VideoHelp Forum
+ Reply to Thread
Page 1 of 2
1 2 LastLast
Results 1 to 30 of 42
Thread
  1. I just want to start this by saying a couple things. I have been trying to get this question answered for weeks now, and it seems that no one has been able to give me a real answer. I've asked at forums and at chatrooms, and various people I could find. It occured to me that I should just ask here, since this is probably the most inclusive website there is with regards to experts about PC video/audio. I want to offer in advance my most sincere appreciation and thanks if anyone can answer this for me, since I've been trying to find out for so long. Please, if you know anything, I'd love to hear it.

    I want to know if it's possible to use a PC as a 'receiver' that's Dolby Pro Logic II compatible.

    I'm in the market for a new PC, and Pro Logic II is something that's very important to me. I don't have a new PC yet, meaning that I can buy anything that's needed to get this done.

    I have heard of several programs or filters that can output sound in Dolby Pro Logic II assuming you have a 5.1/7.1 soundcard, etc. Programs like WinDVD and PowerDVD (I think those are the names) are ones that I've been told are Pro Logic II compatible.

    The problem is, I'm looking for the capability of having an actual Pro Logic II compatible 'receiver'. I do not know if these programs like WinDVD work only with DVD's and CD's, which I would assume might be the case. I need something that I can actually input sound into (like using the line-in on a PC soundcard) and get Dolby Pro Logic II sound. Dolby Pro Logic II would be kind of useless for DVD's, since DVD's are in 'real' surround sound anyway. The main uses of PLII are with TV shows and videogames that are encoded specifically for PLII, and this is what I would intend to use it for (as well as music). For instance, I have a couple videogames that were made specifically for use with Dolby PLII, and I believe there are also some TV shows like the Simpsons that have the same thing.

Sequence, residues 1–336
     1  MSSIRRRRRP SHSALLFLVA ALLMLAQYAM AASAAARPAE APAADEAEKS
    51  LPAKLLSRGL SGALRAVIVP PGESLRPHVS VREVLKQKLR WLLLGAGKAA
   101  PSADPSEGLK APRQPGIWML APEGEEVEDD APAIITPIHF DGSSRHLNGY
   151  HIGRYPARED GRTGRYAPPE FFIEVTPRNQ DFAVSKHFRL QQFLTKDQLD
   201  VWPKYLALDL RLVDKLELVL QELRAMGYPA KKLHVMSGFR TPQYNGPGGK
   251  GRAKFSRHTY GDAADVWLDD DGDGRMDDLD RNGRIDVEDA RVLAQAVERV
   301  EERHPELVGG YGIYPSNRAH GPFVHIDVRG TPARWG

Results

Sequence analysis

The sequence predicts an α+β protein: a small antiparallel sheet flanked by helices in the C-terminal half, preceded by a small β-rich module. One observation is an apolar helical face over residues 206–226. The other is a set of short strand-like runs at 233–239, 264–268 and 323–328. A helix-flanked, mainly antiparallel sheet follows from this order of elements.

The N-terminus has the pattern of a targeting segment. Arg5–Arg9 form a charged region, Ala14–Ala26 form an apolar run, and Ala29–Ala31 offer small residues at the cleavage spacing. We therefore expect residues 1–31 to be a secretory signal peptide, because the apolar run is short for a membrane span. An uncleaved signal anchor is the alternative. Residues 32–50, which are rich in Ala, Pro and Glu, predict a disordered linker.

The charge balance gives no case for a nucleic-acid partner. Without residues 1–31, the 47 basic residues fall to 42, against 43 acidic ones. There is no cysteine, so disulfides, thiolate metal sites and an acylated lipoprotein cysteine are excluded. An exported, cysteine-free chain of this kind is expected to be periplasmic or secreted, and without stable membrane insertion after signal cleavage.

I'm surprised this isn't something that's covered regularly, since so many people use their PC's for surround sound, in place of buying receivers. I already have good PC speakers, as do my friends, so that's not a problem. I don't have a regular home theatre set up so it wouldn't do me any good to go out and spend money on an actual PLII standalone receiver. I also know there are all-in-one kits that you can buy (such as the Logitech series) which include a complete speaker system *and* a surround sound decoder, but since I don't need speakers, that wouldn't do me any good either.

    I also am aware of a couple other things. I have heard of a 'utility' called AC3 filter, which supports Dolby Pro Logic II. But again, I have no idea if this can actually be used with "live" sound... ie: a line-in input from TV or videogames.

    One final thing I've been made aware of is that Intel's new integrated audio, "Intel High Definition Audio", is supposedly Pro Logic II compatible. However, if you go to Intel's website for this technology, it makes it out to sound like it is just "capable" of supporting Pro Logic II, and can't actually make use of it on it's own.